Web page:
Tuesday, September 29, 2009

What Does Melancholy Mean?


mel·an·chol·y [mel-uhn-kol-ee]

–noun
1. a gloomy state of mind, esp. when habitual or prolonged; depression.
2. sober thoughtfulness; pensiveness.
3. Archaic.
a. the condition of having too much black bile, considered in ancient and medieval medicine to cause gloominess and depression.
b. black bile.

–adjective
4. affected with, characterized by, or showing melancholy; mournful; depressed: a melancholy mood.
5. causing melancholy or sadness; saddening: a melancholy occasion.
6. soberly thoughtful; pensive.

The word melancholy is used both as a noun and adjective and you can use the word for a very deep feeling of sadness. Usually the word is used for a kind of sadness the reason of which is hard to explain and the feeling also lasts a long time. As an adjective the word can describe anything that makes you feel sad and you can use the terms melancholy thoughts and melencholy memories to describe sad thoughts and memories respectively.

I am not trying to make the impression that I am sad all the time but haunting thoughts from the past do drift across my memories, and some have left a deep impact on me. I am sure there are others out there that have the same thing happen to them. Even the word melancholy is sad sounding.

I think we regret things we have done and would like to relive them, perhaps we also would change some things. I think I mostly regret having to make the decision to have my pets put to sleep, it makes me feel like an executioner, I really hate that feeling. Perhaps this crappy weather we are having has made me feel melancholy.

I would like to hear what my friends think about this word, we have all experienced this feeling. I don't think melancholy is the same as depression, once I read about depression. The book said if you can resound from your feelings and not dwell on them, then you are not sick with a long term depression. I hope I remembered it right, it was something like that. I know one thing that keeps me happy is visiting all you friends.

20 comments:

WELCOME TO MY WORLD OF POETRY: said...

What a thought provoking subject,at the moment I am experiencing great sadness.......hopefully one reason will be sorted out next week, the other is not so simple. I suspect most of us do go through stages of sadness in their lives at some point, but the secret is not to dwell on it.
Easier said than done I know.
Thanks for an interesting post.
Have fun and take care
Yvonne.

Judy said...

I have been melancholy before but I don't think it lasts long with me. It seems since I retired I stay so busy I don't have time to think about myself! My mother always told me that life is what you make it and you can either enjoy it or not. Most of the time I choose to enjoy it but there are things in the past that make me sad when I think about them. Great post!

Linda said...

Margaret,
I think it's wonderful that you've written about this subject as I LOVE this word and in contrast to so many others I've come across, I LOVE this feeling.

For me, it's largely a part of who I am on a daily basis and if it weren't for this, I don't believe I would be the kind of writer I hope to be.

Personally, it's not a state of depression, but rather an appreciation for all of life - past, present and future. Though, you've read my blog long enough now to know that the past indeed holds a strong attachment for me, because of its historical meaning on my life and those I love.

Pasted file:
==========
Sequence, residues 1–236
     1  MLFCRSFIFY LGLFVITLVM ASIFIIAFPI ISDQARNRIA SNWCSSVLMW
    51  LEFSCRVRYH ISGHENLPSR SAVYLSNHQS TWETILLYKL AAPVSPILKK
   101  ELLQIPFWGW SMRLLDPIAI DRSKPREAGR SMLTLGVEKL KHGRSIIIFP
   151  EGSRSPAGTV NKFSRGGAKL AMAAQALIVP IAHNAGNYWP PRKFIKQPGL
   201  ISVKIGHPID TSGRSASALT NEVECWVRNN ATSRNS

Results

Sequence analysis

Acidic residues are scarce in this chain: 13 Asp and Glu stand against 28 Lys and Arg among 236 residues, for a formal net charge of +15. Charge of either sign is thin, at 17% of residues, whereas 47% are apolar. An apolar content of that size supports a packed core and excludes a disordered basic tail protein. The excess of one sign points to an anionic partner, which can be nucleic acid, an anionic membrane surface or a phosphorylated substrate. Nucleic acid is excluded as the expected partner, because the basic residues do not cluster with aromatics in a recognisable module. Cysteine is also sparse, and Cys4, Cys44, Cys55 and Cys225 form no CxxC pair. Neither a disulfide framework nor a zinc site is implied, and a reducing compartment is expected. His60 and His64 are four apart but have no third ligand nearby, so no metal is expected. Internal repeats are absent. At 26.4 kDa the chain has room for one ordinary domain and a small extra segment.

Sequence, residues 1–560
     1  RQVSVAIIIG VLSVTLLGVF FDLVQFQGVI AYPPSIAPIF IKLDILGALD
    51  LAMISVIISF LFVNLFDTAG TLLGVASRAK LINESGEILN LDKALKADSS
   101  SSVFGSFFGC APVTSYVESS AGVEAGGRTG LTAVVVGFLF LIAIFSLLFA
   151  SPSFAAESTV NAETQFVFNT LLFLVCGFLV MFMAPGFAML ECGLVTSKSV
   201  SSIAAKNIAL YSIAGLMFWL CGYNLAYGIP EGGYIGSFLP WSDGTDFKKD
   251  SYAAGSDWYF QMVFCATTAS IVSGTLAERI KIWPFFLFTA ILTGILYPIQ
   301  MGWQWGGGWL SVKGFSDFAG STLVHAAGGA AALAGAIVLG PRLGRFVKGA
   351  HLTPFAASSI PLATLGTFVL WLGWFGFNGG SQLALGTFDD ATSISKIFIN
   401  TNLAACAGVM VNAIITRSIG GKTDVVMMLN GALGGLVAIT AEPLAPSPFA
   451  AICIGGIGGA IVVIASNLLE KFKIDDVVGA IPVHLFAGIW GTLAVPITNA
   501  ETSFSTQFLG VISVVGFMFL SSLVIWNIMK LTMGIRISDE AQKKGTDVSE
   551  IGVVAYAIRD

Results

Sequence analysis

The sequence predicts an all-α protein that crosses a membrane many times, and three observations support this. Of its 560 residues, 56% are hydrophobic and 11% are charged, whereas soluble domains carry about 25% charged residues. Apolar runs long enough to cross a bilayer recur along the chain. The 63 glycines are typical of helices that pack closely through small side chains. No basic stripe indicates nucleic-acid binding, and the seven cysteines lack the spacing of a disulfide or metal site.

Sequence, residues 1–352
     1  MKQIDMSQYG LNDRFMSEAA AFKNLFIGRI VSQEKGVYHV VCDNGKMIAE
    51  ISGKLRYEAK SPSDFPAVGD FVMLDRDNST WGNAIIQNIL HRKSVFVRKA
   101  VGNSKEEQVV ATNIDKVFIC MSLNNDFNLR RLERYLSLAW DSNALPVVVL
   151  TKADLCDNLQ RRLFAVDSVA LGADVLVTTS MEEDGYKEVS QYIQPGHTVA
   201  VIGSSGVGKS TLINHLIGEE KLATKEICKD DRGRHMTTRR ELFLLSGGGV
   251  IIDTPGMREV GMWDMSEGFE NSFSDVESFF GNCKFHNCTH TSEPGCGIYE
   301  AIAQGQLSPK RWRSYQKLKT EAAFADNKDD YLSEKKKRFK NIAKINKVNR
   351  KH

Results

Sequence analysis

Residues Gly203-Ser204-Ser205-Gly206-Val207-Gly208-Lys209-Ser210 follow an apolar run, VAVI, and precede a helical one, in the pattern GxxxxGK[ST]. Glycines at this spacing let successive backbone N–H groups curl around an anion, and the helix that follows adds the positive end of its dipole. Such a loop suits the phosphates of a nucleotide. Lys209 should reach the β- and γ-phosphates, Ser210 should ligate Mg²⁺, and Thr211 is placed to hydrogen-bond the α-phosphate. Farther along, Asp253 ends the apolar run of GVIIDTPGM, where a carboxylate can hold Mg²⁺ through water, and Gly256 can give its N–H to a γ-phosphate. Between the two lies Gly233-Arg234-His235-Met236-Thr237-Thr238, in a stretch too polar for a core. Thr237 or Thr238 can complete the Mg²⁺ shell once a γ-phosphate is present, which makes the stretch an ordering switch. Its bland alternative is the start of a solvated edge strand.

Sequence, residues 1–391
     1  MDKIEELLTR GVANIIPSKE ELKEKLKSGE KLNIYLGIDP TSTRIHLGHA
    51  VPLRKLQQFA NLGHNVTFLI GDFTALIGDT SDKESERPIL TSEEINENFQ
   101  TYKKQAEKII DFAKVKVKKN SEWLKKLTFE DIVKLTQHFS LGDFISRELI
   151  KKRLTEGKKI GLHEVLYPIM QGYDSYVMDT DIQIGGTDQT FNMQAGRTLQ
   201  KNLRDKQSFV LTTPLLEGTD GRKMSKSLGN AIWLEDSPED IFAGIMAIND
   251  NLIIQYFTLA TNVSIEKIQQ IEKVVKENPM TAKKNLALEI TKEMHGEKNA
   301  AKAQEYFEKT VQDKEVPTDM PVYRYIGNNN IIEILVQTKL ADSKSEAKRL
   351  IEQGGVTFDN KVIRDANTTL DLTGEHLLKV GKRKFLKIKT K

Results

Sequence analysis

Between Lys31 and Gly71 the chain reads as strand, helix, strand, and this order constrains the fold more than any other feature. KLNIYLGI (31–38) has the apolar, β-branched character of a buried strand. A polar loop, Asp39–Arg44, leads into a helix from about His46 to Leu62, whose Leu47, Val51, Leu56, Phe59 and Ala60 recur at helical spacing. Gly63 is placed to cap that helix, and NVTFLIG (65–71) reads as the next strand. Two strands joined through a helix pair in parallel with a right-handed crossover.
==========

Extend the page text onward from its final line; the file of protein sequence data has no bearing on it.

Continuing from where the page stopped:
Melancholy is also how I would describe one of the great prophets of scripture - Jeremiah, described as the Weeping Prophet who often talked more about sorrows than joys. To me, that's the way of many great thinkers, artists, and writers.

OldOldLady Of The Hills said...

I love this post, Margaret....! It says so much and I love the word melancholy...It descibes these deep feelings that touch each of our lives. I so agree with what Linda said....These feelings are important for so very many reasons---Not the least of which is it brings great validity to an intangible.
It is certainly in my daily life--not every minute, but these feelings come up more and more, the older that I get and the more in touch with my feelings that I am. This is a GOOD thing, because it also means that the opposite feelings of pleasure and joy and fun, are equally as stromg---at least, that is true for me. Allowing oneself to be melancholy is a really important thing, I am revisiting the past a lot and have for most of my life....Doing that has helped me live more in the present, and it truly has helped me to appreciate all the joy in my life!

A.Marie said...

Oh my goodness..I totally agree with you; Sometimes, I get really melancholy when I think about my beloved past pets that I have had to put to sleep. That makes me sad, also, even though I know I am doing the right thing by not letting them suffer. Or, if the weather is gloomy for a few days, then I notice that my mood is definitely more melancholy. Then, the sun comes out, and I am happy once more.

You have such interesting things to say on your blog; I am sort of having a writer's block lately...I think it is because I am so busy with my teen son who is in Marching Band right now. When I am too busy, then my blogging slows way down!

Have a great evening! :)

Joseph Pulikotil said...

Hi Margaret:)

I agree with you. The word Melancholy itself makes one feel sad. It is true that as we grow older we dwell more on the past and regret things we did or did not do. But then that is life. We don't get a second chance. There is a beauty to it. What we did in the past is only a memory. We get a fresh chance each day to do things better. So we have to live in the present and take each day as it comes and do what gives us satisfaction and happiness instead of wallowing in self pity and negative thoughts.

Of course this is easier said than done. We always go back to the past both for good memories and bad memories. Perhaps the best thing to do is to think of the best things that we did and draw satisfaction from it. After all no one is perfect. Even the most revered people have done many mistakes in the past. We are all humans. We don't get a second chance.

As regards putting your pet to sleep, I agree it is a difficult decision to take. But take the case of a judge. Sometimes he has to send a criminal to the gallows. What the judge must be feeling!

Very interesting post. We all have that overwhelming sadness coming over us at some time or the other and we are flooded with melancholy. Can't help it I suppose:)

Have a bright and beautiful day Margaret:)
Joseph

Babli said...

Very nice and informative post. I like this word Melancholy and good to know about it in detail.